Maya Site Building After Volcanic Eruptions

September 29, 2021

Archaeologist Akira Ichikawa, at the University of Colorado Boulder, has found that the Maya returned to sites that were destroyed after a catastrophic volcanic eruption much sooner than thought. He studied the site of San Andrés in El Salvador.

In AD 539, the Ilopango volcano erupted, the largest in Central America over the past 10,000 years, and the largest on Earth over the past 7,000 years. it covered the area around the volcano in waist-high ash for 35 kilometers. It also blew itself apart, leaving behind a deep gash that is now a crater lake.

It greatly impacted the Maya civilization, sending it into a period of decline due to the loss of nearby settlements and cooler temperatures across the Northern Hemisphere. Historians have debated how soon the Maya returned to the area, most suggesting it took hundreds of years. Ichikawa has shown evidence of the Maya returning to a site 40 miles west of the volcano between 30 and 80 years after the eruption. They built a large pyramid using ash and dirt.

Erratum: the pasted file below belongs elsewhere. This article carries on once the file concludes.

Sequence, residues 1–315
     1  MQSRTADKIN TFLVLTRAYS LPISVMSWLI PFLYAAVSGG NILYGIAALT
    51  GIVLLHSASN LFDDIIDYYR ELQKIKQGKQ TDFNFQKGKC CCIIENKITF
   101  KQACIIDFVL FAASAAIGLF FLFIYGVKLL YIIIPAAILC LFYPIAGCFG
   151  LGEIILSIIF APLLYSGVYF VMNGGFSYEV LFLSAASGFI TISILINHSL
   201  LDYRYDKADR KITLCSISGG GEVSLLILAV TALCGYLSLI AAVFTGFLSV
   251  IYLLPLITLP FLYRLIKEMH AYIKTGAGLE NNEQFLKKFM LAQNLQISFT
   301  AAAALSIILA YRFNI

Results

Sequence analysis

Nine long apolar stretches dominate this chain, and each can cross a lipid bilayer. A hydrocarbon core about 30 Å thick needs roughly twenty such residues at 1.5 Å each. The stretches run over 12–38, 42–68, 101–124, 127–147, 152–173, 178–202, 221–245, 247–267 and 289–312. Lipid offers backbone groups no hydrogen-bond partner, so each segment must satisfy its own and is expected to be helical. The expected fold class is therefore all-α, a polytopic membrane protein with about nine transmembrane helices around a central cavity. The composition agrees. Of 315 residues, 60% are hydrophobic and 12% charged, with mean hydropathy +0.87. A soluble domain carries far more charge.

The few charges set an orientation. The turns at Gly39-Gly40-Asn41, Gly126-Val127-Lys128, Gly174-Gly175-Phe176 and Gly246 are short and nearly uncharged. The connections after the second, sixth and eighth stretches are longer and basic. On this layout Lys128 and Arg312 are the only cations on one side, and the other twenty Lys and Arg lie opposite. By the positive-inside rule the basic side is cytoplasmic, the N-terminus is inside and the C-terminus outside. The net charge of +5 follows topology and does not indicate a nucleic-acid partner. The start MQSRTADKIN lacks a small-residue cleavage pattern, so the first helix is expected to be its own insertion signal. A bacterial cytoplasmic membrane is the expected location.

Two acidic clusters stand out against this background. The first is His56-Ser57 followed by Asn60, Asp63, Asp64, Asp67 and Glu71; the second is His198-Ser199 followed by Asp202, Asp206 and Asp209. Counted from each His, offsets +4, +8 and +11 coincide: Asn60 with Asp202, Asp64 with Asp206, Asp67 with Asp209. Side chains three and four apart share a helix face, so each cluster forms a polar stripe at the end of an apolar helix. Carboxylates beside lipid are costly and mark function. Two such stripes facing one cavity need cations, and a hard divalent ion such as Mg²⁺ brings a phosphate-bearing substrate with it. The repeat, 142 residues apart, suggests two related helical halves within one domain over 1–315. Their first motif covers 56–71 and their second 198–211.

Ichikawa analyzed samples from the ground and from the Campana structure, a pyramid resting atop a large platform. He found that work on the structure appears to have begun approximately 30 years after the eruption, though it could have been as long as 80 years.

The data suggests that the Maya returned to the area quickly. They built the pyramid as a way to appease the gods who had shown their anger by setting off the eruption.

The research is published in Cambridge Core has the report here;